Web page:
Thus, in “The Suliote Mother” (from the 1825 Lays of Many Lands), Hemans depicts another desperate mother who is compelled to kill herself and her child, seeing it as the only means to escape the horrors of enslavement. The poem is inspired by an account in the French biography of the Turkish Ali Pacha of how Suliote women, on witnessing the advance of the Turkish army, decide to “[precipitate] themselves, with their children, into the chasm below, to avoid becoming the slaves of the enemy” (417). Hemans’s treatment of the title character is remarkably similar to that of “The Wife of Asdrubal” in its display of the depth of the domestic affections. This Byronic mother, however, is moved to commit infanticide and suicide not out of vengeance for the betrayal of a husband, but from a pure desire for self-determination. As a victim of war, the heroine, with “a bitter smile/ And a dark flash in her eye”, faced with the stark prospect of rape and servitude as the enemy closes in (“Dost thou see where the foeman’s armor shines? / Hast thou caught the gleam of the conqueror’s crest?”), regards suicide as the only way to overcome the impending loss of her freedom and that of her child. With no men left to protect them, since the war has “cost [her son] a father”, and on the battlefield “lay Suliote sire and son [...] [in] piles of death”, death becomes an inexorable yet conclusive choice. Far from a sign of defeat or a plea for help, the mother’s last words to her infant son are a triumphant battle cry for liberty:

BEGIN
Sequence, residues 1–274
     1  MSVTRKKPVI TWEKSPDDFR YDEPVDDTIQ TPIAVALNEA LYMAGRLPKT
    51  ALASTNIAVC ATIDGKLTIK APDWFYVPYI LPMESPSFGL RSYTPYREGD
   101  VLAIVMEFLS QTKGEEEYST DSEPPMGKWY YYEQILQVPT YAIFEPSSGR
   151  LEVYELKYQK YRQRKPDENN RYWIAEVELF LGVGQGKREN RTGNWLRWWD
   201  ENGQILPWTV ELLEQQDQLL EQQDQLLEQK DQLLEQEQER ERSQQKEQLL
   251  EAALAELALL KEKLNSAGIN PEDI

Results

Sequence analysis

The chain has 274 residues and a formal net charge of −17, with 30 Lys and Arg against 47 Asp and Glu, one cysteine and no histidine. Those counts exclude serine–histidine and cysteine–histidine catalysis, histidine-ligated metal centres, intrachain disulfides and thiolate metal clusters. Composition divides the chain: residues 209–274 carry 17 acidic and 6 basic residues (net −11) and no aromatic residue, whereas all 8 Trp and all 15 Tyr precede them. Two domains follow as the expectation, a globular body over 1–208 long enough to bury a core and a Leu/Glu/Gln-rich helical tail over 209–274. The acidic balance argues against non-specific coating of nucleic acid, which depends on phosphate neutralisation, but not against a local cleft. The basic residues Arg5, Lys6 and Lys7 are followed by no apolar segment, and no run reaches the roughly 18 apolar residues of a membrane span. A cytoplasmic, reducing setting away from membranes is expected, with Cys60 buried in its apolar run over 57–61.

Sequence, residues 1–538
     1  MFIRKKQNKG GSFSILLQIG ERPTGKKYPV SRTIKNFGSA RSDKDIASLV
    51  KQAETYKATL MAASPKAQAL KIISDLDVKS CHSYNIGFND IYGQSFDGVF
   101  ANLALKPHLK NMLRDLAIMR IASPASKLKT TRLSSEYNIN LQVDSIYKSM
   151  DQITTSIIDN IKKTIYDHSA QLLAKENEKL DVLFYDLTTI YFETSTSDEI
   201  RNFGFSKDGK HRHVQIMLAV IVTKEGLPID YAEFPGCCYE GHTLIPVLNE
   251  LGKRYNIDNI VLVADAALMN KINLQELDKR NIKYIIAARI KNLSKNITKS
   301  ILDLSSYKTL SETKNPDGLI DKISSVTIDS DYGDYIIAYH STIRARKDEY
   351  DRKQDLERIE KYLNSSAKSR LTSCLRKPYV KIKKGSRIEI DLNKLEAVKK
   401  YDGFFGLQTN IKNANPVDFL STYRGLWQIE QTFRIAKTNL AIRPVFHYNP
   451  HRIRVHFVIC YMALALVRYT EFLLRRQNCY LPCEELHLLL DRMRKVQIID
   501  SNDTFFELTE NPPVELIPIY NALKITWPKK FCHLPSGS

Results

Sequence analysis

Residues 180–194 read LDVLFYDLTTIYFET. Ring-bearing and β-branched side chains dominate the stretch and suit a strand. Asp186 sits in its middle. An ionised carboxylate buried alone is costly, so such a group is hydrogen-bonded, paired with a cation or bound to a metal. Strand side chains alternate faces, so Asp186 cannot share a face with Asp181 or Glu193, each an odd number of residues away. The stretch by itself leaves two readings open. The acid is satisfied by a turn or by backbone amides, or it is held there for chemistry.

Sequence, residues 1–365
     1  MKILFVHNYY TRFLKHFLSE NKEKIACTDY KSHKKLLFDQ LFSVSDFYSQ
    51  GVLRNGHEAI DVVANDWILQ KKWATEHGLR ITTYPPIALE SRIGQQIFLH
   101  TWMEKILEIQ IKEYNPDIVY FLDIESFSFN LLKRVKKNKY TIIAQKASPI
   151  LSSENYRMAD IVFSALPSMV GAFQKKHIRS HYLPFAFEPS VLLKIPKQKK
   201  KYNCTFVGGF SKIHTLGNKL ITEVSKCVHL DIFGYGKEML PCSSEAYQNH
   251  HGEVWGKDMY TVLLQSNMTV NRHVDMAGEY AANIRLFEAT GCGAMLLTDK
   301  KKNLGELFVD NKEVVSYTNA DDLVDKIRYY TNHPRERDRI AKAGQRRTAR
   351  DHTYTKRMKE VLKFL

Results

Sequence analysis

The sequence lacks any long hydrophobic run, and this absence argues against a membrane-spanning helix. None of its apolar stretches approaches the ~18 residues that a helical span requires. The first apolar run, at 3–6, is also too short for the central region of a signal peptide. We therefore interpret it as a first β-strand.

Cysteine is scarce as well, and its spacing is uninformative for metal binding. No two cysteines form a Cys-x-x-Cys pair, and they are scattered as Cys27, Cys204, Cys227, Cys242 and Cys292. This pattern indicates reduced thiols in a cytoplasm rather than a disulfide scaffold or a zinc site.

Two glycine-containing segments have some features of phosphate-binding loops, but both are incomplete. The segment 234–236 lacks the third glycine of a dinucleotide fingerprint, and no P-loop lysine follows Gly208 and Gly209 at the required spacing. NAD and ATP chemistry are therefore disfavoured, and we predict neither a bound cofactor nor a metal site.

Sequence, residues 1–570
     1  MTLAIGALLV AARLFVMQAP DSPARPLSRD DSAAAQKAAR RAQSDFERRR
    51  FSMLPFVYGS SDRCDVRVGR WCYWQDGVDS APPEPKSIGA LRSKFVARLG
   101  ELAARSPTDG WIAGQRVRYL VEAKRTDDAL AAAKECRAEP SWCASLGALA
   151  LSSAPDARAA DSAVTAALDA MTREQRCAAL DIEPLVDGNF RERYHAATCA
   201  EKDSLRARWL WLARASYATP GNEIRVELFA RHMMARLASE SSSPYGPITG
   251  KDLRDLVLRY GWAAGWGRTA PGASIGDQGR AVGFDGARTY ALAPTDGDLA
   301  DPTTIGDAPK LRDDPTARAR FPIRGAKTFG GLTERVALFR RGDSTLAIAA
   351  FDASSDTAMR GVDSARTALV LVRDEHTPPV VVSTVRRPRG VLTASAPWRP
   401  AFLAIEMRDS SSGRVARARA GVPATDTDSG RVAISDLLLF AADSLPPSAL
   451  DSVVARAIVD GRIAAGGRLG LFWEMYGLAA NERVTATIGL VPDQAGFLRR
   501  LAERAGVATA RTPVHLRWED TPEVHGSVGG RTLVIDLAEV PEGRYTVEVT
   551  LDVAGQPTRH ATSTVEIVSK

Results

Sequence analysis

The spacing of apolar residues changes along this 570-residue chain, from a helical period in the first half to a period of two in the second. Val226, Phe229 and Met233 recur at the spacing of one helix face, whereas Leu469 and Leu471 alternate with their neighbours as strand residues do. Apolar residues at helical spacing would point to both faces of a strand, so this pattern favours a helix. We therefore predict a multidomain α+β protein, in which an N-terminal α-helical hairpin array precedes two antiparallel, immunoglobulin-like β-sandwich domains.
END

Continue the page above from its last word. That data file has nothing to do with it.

“Hear’st thou the sound of their savage mirth?

Boy, thou wert free when I gave thee birth –

Free, and how cherished, my warrior’s son!

He too hath blessed thee, as I have done!

Ay, and unchained must his loved ones be –

Freedom, young Suliote! for thee and me!”


The Suliote mother’s decision to kill herself and her child reveals Hemans’s representation of maternal love to reflect a distinctly feminine version of patriotism, where a connection is established between domestic affection and political rebellion. In addition, the poem highlights the inadequacy of a nationalist heroics based purely on military glory, since the men here perish as victims of war and violence as well, leaving their homes and families vulnerable to attack. In drawing attention to the paradoxical absence of male protection (a form of betrayal in itself) the poem enables Hemans to cast the Suliote mother’s actions as a “self-consuming heroism” (Wolfson, “Domestic” 31) a crucial element in her redefinition of patriotism. Accordingly, it also serves as a remarkable example of Hemans’s perceptiveness in addressing a similar, if displaced, dilemma faced by her own countrywomen—the thousands of mothers, daughters, wives, and sisters who have been left behind at home, divided from their men, or even lost to them, through British military and colonial service—an address that helps explain the poet’s popularity and commercial success among female readers in a time of war.